I am really grateful for my experience on that show, and the amazing lineup of queens I got to make friends with! However, it was all terrible timing for me. I had spent all my money on my looks for the Look Queen finale, so by the time SYTYCD started up I could barely afford new costumes, let alone wigs! And it was my first October / Halloween as manager at Alcone, and my free time was super limited.
So between lack of money and being pulled away from my new job, I really couldn’t afford to put a lot into it, and I realized I was half-assing everything, and it threw my social anxiety into a tailspin. I made a conscious decision to back out and divert my full attention to my day job, where it belonged. I felt like I was wasting the time of the people who cast me, and taking advantage of the girls who really wanted to win. So even if I wasn’t voted off, I was planning on exiting that night anyway.
Personally, I don’t see how anyone can balance work and life with these pageants… they’re so time-consuming and expensive!
I know, right!? I have such respect for pageant queens and working queens who keep it fresh and exciting, and can still afford life!
It’s been about five months since SYTYCD, and you haven’t performed as Apocalypta since.
Yeah. I dont want to use the word “retired,” because: 1) you would have to actually have been a working drag queen, which I am not, and 2) I don’t want to limit myself creatively to say I dont want to do something ever again. But I really had to sit down and figure out what I want from the character, who I am still inspired to create for. So, she is in a reinventing process.
I know clubs and bars aren’t the direction I want to go in. Competitions in the future…maybe?! But what I am currently really inspired by is creating more of an artistic approach with the character, and focusing more on conceptual photoshoots similar to how queens like Kim Chi and Max started…and maybe even video work in the future?
Oh, that would be amazing! In the meantime, you’ll be dusting her off for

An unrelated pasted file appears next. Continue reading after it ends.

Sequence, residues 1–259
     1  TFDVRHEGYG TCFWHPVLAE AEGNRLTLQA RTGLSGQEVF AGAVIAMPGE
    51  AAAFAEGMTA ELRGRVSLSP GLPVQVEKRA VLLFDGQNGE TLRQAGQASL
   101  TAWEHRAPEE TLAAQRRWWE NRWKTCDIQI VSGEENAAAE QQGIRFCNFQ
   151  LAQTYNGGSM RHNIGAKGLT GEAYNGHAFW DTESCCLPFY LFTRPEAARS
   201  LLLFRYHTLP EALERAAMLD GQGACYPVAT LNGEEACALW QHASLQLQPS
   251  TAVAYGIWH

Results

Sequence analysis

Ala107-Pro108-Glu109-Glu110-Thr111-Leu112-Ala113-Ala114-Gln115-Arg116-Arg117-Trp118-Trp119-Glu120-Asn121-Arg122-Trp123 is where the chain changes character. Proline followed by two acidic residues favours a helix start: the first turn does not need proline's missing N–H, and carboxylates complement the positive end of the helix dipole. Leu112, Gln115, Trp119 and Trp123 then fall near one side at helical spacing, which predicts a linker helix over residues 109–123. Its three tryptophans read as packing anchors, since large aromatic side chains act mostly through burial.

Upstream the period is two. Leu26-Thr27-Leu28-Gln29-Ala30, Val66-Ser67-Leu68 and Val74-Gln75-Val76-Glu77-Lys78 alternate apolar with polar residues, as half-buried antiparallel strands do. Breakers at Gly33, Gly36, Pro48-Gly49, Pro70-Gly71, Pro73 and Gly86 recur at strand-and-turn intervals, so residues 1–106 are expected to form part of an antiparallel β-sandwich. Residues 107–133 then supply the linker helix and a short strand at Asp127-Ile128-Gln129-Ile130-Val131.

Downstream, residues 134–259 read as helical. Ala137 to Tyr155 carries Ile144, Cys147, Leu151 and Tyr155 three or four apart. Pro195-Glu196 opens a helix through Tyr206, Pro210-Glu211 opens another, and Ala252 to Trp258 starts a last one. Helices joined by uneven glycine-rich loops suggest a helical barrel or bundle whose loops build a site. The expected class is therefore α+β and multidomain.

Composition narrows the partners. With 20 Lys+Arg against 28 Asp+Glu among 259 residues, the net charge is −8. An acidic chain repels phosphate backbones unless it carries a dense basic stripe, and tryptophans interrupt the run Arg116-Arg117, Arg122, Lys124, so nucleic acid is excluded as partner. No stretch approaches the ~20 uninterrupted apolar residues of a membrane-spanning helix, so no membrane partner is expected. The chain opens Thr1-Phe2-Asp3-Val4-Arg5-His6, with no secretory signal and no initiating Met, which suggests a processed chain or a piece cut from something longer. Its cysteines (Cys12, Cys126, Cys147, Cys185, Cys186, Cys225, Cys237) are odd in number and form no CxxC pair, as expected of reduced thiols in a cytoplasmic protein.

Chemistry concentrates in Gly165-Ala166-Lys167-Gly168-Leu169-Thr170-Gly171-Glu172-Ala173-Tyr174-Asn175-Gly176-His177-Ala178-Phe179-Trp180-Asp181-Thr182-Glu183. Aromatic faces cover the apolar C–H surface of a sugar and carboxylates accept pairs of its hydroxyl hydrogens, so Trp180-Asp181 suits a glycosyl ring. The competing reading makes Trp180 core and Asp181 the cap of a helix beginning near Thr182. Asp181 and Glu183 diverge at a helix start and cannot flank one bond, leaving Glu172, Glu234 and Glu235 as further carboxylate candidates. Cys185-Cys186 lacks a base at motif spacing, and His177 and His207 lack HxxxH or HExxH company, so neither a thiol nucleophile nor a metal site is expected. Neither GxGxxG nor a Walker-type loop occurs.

I got to know FiFi through spending time with her working at Abracadabra, and she is literally one of my all-time favorite people, so her asking me to join her for Invasion was an easy yes.
Actually, fun fact: I first met her competing at the Our Lady of Saliva “Susan Lucci Pageant,” where all the years’ runner ups competed, and I won! A fun fact I enjoy teasing her about, since it’s kind of ridiculous that my monster self defeated this pageant veteran!
Do you have any plans for what you’ll be bringing that night?
Apocalesha (nicknamed by Adriana Trenta) will be a bit more colorful than people are currently used to seeing her. Also, lights may be playing a bit of a role in it as well.
What else is up with you?
I have gotten back into photography, and working on building a new portfolio of images to shop around for a gallery show. Also, at Alcone we are currently organizing a makeup sale around the launch of Drag Race this season, and we are hoping to have some of the Season 9 queens here for a meet-and-greet session.
Any early favorites to win this season?
I have know Idea! I still need to familiarize myself with some of the non-NYC queens. But knowing Aja, I expect her to make for excellent television. She’s hilarious!
Totally! And I think you’d like Sasha Velour too when you see her. Her aesthetic is in the same family as yours, and she also takes a performance art approach to drag.
I am totally a fan of what I’ve seen from Ms. Velour!
Okay, last question: Who would be your dream character, from a film or a show or a book or otherwise, to recreate that you haven’t already?
Ooooh, that is such a hard question! There are sooo many! If I had to say the first one that comes to mind, I would love to do a drag version of Tim Curry’s demon from Legend.
Get on with your demonic self! Thank you, Apocalypta!